Microsoft Announces Results of New Economic Impact Study

LISBON, Portugal, Oct. 5, 2004 — As part of Microsoft Corp.’s Executive Partner Summit today, the company announced results from a new economic impact study conducted by International Data Corp. (IDC). Sponsored by Microsoft, the economic impact study highlights the fact that information technology (IT) continues to be a major driver of local and regional economic activity in the countries within the Europe, the Middle East, and Africa (EMEA) region. According to the study, IT-related activities in 19 EMEA countries were the source of nearly 9 million jobs and more than $200 billion (U.S.) in tax receipts in 2004. And the IT industry’s impact is expected to grow: Over the next four years, the EMEA IT sector is expected to generate 2 million new jobs and an additional $160 billion (U.S.) in tax revenues in these regions.

“There is no question that information technology is a dynamic factor in the global economy and that its impact can be felt at every level, from the European Union to individual households,” said John Gantz, chief research officer at IDC. “The IT industry has returned to positive growth for these regions and is once again an engine of employment growth and tax revenues for local economies.”

The study examines the IT industry’s impact on job creation, company formation, local IT spending and tax revenues in Austria, the Czech Republic, Denmark, Estonia, France, Germany, Hungary, Ireland, Israel, Italy, Lithuania, the Netherlands, Poland, Portugal, Russia, South Africa, Spain, Turkey and the United Kingdom. Nearly 9 million people in these 19 countries are employed by more than 356,000 companies in the hardware, software, services and channels segments, or as IT professionals in end-user organizations. Microsoft-related employment ranges from approximately 36,000 people in both Hungary and Turkey to more than half a million in the United Kingdom and Germany. In addition, for every $1 of Microsoft revenue in the region, another $7.50 was generated by other companies selling hardware or software that works on Microsoft®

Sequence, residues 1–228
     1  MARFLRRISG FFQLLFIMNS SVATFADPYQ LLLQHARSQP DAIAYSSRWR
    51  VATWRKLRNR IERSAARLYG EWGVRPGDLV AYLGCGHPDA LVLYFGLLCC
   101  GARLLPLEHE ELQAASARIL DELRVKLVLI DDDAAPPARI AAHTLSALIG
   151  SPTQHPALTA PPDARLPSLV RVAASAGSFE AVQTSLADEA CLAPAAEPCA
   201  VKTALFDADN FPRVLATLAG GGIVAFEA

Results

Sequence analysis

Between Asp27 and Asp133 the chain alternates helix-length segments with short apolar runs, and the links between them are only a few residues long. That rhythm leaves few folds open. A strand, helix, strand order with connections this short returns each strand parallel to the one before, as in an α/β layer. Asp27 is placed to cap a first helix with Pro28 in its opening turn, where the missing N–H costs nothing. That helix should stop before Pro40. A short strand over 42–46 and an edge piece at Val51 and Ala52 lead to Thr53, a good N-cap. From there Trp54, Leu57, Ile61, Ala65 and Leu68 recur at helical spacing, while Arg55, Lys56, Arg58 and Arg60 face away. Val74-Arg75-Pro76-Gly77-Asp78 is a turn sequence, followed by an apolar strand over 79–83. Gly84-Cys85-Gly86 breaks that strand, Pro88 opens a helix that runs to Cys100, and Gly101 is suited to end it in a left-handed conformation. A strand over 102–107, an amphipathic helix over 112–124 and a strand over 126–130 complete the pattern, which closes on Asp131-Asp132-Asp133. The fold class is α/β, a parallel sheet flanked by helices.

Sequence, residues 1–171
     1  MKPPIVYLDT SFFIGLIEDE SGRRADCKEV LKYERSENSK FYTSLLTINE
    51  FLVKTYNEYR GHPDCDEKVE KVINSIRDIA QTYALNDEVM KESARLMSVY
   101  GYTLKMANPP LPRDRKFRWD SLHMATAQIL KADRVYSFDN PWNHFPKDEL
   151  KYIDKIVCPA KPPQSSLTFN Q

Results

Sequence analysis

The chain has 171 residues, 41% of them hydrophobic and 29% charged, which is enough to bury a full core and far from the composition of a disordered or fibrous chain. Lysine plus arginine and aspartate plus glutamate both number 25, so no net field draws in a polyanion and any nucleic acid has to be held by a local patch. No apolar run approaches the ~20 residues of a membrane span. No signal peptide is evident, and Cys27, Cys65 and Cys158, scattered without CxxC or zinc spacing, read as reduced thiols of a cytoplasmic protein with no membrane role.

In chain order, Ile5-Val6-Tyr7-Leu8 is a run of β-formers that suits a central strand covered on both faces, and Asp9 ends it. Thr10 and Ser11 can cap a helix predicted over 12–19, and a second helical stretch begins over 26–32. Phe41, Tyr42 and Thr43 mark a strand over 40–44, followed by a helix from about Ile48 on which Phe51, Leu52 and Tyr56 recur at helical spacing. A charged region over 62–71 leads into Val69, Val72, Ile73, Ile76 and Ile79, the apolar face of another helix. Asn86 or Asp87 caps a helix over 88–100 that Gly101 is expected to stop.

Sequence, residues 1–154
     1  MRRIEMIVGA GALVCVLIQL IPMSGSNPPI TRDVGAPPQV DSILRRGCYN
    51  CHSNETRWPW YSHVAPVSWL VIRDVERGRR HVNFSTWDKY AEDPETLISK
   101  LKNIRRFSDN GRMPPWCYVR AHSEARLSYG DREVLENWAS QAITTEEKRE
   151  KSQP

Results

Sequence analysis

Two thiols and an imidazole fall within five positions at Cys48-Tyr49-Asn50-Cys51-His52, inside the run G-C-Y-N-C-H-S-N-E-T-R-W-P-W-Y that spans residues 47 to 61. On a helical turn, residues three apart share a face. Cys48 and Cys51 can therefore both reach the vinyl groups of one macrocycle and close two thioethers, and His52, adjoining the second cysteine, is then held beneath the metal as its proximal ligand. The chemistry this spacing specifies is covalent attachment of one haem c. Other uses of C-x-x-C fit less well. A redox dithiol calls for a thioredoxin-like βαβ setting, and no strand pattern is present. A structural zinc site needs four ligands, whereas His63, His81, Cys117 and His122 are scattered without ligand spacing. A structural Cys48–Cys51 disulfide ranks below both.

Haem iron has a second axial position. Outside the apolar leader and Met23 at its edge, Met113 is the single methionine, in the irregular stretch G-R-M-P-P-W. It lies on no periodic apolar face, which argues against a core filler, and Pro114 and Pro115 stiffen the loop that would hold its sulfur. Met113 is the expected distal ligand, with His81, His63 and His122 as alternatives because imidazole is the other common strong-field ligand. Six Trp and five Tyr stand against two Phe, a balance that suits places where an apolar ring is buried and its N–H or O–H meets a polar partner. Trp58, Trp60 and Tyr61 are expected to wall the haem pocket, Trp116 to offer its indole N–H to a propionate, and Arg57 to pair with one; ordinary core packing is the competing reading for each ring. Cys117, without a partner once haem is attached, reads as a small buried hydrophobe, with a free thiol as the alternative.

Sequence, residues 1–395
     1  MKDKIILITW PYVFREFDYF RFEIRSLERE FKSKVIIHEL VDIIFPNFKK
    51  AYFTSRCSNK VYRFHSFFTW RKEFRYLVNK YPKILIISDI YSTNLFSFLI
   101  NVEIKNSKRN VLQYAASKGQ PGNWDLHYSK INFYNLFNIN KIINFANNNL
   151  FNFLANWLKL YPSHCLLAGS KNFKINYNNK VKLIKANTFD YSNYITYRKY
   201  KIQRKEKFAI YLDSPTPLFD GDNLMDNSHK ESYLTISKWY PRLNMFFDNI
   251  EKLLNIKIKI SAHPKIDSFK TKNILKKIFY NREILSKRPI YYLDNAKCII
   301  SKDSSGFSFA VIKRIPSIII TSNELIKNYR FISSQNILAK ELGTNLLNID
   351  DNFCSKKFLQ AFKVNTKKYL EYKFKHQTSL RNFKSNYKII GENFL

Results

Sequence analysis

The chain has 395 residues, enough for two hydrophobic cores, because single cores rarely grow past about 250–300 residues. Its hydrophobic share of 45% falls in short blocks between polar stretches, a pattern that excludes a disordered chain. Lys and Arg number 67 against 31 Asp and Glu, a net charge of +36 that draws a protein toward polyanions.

operating systems or servicing that software.

Within the 19 countries, roughly half of all IT-related jobs are engaged in creating, distributing or servicing software, either for external customers or internal corporate users. Similarly, more than half of all their IT tax revenues come from software-related activities. The Microsoft ecosystem accounts for over a third of 2004 employment and tax revenues in these countries.

“These new employment figures from IDC illustrate the economic benefit created by the IT industry in general, and especially by Microsoft’s ecosystem of partners and customers in these countries,” said Steve Ballmer, CEO of Microsoft Corp. “Millions of people are employed in this ecosystem — fully 36 percent of the overall IT sector — generating billions of dollars for governments across EMEA. The IDC data underscores what we’ve always known to be true — that Microsoft’s business model supports a vibrant IT economy in which local businesses thrive and local jobs are created.”

This study is the third update to IDC’s Economic Impact Model, which assesses the IT industry’s impact on job creation, company formation, local IT spending and tax revenues in 58 countries. The study’s spending figures accounted for hardware, software, services and data networking expenditures by consumers, businesses, governments and educational institutions within each country. Tax revenue figures were based on potential value-added tax (VAT) or sales tax revenues from the sale of hardware, software or services, as well as business and personal income taxes and social taxes. IT employment included the number of people employed (full-time equivalent) in hardware, software, services or channel firms, and those individuals managing IT resources in an IT-using organization (e.g., programmers, help desk staff and IT managers). All data was cross-checked against published information and census data available from government sources and validated by local government officials.

About the Microsoft Executive Partner Summit

The Executive Partner Summit is Microsoft’s premier event for engaging with its core partners and IT-industry leaders in the EMEA region. The event draws approximately 450 executives, representing many of the world’s leading systems integrators, original equipment manufacturers, independent software vendors and other industry players. The annual conference aims to foster greater industry collaboration and information-sharing, and to highlight the breadth of business opportunity that exists in the EMEA region.

About Microsoft

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